MANILA, Philippines – Is coral transplantation the best way to go about restoring damaged marine ecosystems?
This was one of the questions posed during a Senate hearing on Thursday, April 16, chaired by Senate Committee on the Environment chair Loren Legarda.
The hearing came in the wake of the completion of the biggest coral transplantation project in the country.
Last November 2014, 30,000 coral fragments were transplanted in the reefs of Nogas Island in Anini-y, Antique.
A project of the Department of Science and Technology, the Philippine Army and the local government, the goal was to restore the island's corals to safeguard the livelihood of Antique fishermen.
Fishing is the second largest industry in the province. Abundant oceans depend on healthy and plentiful corals to preserve the balance of marine ecosystems.
Dubbed Filipinnovation Coral Restoration Program, it harnessed the help of the 3rd Infantry Division of the Philippine Army to dive and transplant the corals.
Coral transplantation is the attachment of coral fragments to reefs for them to grow and increase coral cover.
The fragments, detached from their original reef through natural processes (such as strong waves or typhoons), repopulate the reef through asexual reproduction.
In the Nogas Island transplantation site, the army divers gathered the coral fragments and attached them to reefs by hammering them in, using nails and securing them using epoxy and plastic strips.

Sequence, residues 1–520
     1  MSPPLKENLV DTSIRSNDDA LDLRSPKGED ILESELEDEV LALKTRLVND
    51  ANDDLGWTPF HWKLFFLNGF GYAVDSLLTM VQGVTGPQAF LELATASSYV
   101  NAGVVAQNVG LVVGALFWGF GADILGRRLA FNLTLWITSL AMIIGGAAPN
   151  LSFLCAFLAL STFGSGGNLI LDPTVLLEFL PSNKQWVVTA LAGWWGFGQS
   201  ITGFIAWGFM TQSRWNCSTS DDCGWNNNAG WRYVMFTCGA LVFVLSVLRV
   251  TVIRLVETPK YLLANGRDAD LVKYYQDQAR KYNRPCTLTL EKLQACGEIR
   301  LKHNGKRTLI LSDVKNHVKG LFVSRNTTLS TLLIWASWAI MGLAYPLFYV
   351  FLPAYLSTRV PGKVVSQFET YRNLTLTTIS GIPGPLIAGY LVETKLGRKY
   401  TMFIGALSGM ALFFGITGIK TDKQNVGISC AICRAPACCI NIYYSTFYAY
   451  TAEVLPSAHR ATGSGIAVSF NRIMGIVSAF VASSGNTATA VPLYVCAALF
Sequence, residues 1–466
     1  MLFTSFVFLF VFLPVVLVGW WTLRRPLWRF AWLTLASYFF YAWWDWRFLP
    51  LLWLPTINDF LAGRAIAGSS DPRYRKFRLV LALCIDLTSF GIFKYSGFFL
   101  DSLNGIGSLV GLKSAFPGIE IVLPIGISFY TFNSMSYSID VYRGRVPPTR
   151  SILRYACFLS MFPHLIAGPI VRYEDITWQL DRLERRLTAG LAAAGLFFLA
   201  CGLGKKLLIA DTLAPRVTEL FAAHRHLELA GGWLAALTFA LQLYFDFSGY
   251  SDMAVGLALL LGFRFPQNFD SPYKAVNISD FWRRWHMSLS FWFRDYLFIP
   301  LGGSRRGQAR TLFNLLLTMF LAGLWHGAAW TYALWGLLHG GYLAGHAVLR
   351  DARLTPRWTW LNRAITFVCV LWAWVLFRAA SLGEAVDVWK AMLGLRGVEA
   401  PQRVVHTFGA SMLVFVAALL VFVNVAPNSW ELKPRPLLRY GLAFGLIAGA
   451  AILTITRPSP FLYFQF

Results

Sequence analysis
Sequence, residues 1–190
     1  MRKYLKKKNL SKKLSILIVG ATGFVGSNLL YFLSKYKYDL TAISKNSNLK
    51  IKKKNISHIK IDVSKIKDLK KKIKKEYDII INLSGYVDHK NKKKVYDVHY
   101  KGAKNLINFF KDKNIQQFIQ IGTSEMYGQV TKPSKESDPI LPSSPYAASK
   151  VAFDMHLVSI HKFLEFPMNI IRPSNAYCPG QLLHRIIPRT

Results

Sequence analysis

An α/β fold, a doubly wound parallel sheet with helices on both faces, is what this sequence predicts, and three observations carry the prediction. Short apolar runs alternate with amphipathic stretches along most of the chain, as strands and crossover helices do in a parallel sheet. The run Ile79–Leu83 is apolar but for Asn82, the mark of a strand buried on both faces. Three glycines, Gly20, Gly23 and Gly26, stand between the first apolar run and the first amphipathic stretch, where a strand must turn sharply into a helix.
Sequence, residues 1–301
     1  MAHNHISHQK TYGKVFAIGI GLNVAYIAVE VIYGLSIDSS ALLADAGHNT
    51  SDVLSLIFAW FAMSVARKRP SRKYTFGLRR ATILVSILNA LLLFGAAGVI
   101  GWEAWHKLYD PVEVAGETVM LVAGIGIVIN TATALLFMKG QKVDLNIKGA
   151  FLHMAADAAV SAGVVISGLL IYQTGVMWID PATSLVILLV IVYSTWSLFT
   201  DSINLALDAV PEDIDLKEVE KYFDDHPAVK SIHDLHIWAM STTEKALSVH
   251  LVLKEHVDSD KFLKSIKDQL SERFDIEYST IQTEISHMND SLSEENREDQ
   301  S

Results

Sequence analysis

The surplus coral fragments were attached to metal cages which serve as coral nurseries. When a reef is once again damaged, these fragments may be used for restoration.
The program had to assess two sites: the restoration site, which needed at least 30% coral cover, and the donor site from where the coral fragments were gathered.
The Filipinnovation program, with a funding of P40 million ($900,000), covers 11 sites including Anini-y, the pilot site. This year, the DOST hopes to add another 6 or 7 sites.
Not 'one size fits all'
With such a project about to be replicated, is the method of coral transplantation even worth the funds and effort?
DOST-PCAARRD (Philippine Council for Agriculture, Aquatic and Natural Resources Research and Development) Supervising Science Research Specialist Ester Zaragoza could not yet give the survival rates of the transplanted coral fragments.
The fact that the method uses asexual reproduction makes it easier than the usual sexual reproduction (egg and sperm) but also trickier, said Vicente Hilomen, executive director for Special Programs under the Department of Environment and Natural Resources-Biodiversity Management Bureau (DENR-BMB).
For instance, the Reefbud technology being used to restore corals in top tourist destination Boracay Island, Aklan, at one point involved transplanting coral fragments to artificial reefs.
"It was relatively successful in Boracay for quite some time, for about 4 months. The same technology was brought to Camiguin and instead of coral planulae settling on the reef buds, they were all barnacles that settled there," said Hilomen.
Hilomen added that even in cases when coral did start to grow from the fragments, "in different cases the mortality also is very, very high."